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Time exposure of the 2007 Perseids (Image: NASA)

Early August always brings with it the promise of a spectacular show in the form of the Perseid meteor shower. This shower, which peaks August 11-13, is one of the most reliable and active meteor displays throughout the year. A new NASA study also shows that more Perseid meteors are fireballs (averaging over 100 per year) than in any other meteor shower.  Read More

Comet West (C/1975 V1) as seen on March 9, 1976 (Photo: NASA)

The first comet discovered this year, Comet C/2013 A1, is currently projected to pass within about 23,000 miles (37,000 km) of the surface of Mars late in 2014. While this event in itself promises spectacular views for astronomers, the uncertainty of the comet's orbit includes a significant chance of an impact on Mars. If this happens, the impact would be hundreds of times more powerful than the asteroid impact that wiped out the dinosaurs on Earth.  Read More

How brightly will Comet PANSTAARS shine? We don't have long to wait for the answer (Photo:...

Any comet you can see is a good one. Comet PANSTAARS is beginning its run for observers in the Southern Hemisphere, and will become visible to those in the Northern Hemisphere in the first few days of March. However, updated estimates suggest the peak brightness will be considerably less than was earlier predicted.  Read More

The Herschel Space Observatory has recently analyzed the comet Hartley 2, and discovered t...

A recent discovery may add support to the theory that the water on Earth was brought by a rain of comets. Scientists have analyzed the comet Hartley 2, and discovered that ice found on it has the same composition as ocean water. The discovery was made utilizing an orbiting telescope on the Herschel Space Observatory, which can observe organic molecules by reading their far-infrared wavelengths.  Read More

Artist’s concept of the final firing of Stardust's rockets on March 24, 2011 (Image cred...

NASA's comet trekking spacecraft Stardust has officially ended operations. Stardust sent its last transmission to Earth on March 24 having traveled an incredible 3.54 billion miles over a 12 year period to become "NASA's most traveled comet hunter."  Read More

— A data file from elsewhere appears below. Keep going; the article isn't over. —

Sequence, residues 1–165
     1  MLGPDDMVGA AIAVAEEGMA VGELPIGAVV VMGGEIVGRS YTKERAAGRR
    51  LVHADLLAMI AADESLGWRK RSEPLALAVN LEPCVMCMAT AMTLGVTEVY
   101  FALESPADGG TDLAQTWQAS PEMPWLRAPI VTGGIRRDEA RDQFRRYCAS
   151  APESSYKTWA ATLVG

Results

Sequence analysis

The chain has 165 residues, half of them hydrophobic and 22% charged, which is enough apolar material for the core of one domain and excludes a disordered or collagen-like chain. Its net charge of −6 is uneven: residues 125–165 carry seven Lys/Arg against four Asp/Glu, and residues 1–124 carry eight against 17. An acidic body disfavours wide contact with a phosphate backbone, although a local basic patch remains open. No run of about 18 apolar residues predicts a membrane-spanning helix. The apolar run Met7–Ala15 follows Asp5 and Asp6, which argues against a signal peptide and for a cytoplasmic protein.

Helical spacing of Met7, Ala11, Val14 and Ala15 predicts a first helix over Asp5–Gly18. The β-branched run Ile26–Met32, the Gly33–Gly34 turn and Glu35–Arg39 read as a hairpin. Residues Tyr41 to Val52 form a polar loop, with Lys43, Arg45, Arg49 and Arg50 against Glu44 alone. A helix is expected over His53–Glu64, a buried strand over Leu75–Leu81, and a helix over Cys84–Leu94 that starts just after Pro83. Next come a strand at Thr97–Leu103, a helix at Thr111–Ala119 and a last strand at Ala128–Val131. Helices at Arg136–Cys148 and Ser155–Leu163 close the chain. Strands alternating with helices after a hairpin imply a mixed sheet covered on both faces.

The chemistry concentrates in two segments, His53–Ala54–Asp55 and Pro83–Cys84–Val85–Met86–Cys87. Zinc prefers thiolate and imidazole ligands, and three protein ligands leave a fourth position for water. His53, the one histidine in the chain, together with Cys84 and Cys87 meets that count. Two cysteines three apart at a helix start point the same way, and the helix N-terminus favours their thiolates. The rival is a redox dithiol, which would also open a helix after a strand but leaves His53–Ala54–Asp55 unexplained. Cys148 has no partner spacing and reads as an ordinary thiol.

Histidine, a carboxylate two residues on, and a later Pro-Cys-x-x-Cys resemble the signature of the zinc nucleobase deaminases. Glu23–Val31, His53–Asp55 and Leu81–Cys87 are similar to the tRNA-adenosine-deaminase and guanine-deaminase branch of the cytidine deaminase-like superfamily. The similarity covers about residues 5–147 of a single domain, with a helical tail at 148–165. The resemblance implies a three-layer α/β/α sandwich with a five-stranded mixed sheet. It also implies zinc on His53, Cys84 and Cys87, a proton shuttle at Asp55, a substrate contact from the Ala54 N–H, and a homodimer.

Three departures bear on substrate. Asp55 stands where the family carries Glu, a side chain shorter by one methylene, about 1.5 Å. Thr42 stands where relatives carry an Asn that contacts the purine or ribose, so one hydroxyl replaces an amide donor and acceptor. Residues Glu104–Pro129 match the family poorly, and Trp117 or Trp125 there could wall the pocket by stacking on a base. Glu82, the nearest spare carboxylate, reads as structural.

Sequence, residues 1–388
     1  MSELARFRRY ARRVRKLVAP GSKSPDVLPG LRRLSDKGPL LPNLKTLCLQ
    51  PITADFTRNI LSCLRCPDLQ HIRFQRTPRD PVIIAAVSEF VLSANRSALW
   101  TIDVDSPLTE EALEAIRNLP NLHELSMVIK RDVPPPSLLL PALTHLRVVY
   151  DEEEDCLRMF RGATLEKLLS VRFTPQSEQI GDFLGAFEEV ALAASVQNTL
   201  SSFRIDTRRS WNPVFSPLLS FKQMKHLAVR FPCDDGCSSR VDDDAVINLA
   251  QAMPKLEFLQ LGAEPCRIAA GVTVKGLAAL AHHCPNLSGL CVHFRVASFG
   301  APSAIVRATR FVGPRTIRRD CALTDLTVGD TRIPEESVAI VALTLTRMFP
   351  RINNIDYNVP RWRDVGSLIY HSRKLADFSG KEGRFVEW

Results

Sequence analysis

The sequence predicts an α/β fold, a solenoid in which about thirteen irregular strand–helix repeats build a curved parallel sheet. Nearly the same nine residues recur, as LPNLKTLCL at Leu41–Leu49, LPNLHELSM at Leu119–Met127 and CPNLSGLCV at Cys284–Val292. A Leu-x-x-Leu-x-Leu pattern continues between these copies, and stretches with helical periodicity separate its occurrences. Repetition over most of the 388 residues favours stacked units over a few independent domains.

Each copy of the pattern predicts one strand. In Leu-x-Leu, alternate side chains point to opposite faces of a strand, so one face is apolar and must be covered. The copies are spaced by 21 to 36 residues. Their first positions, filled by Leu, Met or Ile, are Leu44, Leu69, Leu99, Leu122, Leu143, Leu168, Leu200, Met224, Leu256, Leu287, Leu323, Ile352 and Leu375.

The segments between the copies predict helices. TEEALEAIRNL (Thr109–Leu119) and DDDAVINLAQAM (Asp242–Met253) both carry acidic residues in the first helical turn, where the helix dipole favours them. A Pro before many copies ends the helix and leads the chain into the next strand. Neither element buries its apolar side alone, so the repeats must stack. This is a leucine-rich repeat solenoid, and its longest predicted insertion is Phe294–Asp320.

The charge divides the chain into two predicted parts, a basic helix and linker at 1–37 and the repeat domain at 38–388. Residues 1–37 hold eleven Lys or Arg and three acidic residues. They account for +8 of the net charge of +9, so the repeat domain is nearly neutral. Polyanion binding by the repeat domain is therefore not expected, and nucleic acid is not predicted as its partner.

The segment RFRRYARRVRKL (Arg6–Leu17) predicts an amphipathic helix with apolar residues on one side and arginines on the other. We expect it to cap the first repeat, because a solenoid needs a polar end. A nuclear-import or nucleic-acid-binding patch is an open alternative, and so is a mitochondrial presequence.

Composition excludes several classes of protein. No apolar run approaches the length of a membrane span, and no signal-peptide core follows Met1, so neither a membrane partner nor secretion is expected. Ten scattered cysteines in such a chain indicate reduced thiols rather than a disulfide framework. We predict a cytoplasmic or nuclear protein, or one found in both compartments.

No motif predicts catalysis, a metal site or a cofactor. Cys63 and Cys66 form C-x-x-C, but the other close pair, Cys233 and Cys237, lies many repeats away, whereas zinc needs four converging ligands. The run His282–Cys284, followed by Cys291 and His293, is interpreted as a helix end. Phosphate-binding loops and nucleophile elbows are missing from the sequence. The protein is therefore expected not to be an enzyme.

NASA's Stardust NExT mission image of the comet Tempel 1 at 8.39pm PST on February 14th 20...

On Valentine's day, while we were all cooing over your loved ones or lamenting the obvious negligence of the postman, scientists at Denver's NASA station were cooing over something rather larger. On February 14th this year, NASA's Stardust probe made its second visit to the comet Tempel 1 at 8.40pm PST, shaving the comet at a distance of 111 miles (178 km) and traveling at a relative speed of 24,300 mph (10.9 km per second). This is the first time scientists have been able to get a second look at a comet, which allows them to compare data from the first visit in order to learn more about these icy inhabitants of our solar system.  Read More

The peanut-shaped Hartley 2 comet is only the fifth comet to be studied at such close rang...

Mission controllers from the University of Maryland-led EPOXI mission celebrated last week as NASA's Deep Impact space probe flew close by the Hartley 2 comet, sending back rare and valuable data about the comet. This is only the fifth time that a comet core has been viewed from such a near distance by a space probe, and it is hoped that by understanding comets better we can learn more about the origin and history of our solar system.  Read More

1,400 megapixel telescope powered-up to spot earthbound asteroids

If there’s a killer asteroid or comet hurtling towards Earth it’s probably best to know about it sooner rather than later. However, space is a big place and keeping our eyes out for these little blighters is no mean feat even with a mighty automated telescope to hand. Fortunately, astronomers in Hawaii have just announced they’ve successfully managed to boot up the Pan-STARRS (Panoramic Survey Telescope & Rapid Response System) telescope, also known as PS1. Working from dusk-to-dawn every night Pan-STARRS is able to map one-sixth of the sky each month, allowing astronomers to track every moving object, calculate their orbits and identify any potential threats to Earth.  Read More

Artist’s conception of Stardust flying through gas and dust from comet Wild 2 (Image: NASA...

Fresh evidence has been revealed to support the theory that life on Earth began in space. NASA’s Stardust probe, a specially-designed comet ‘chaser’, successfully collected particles shed from Comet Wild 2 in 2004, and NASA scientists have since confirmed for the first time that amino acids can indeed be found on these extraterrestrial bodies.  Read More

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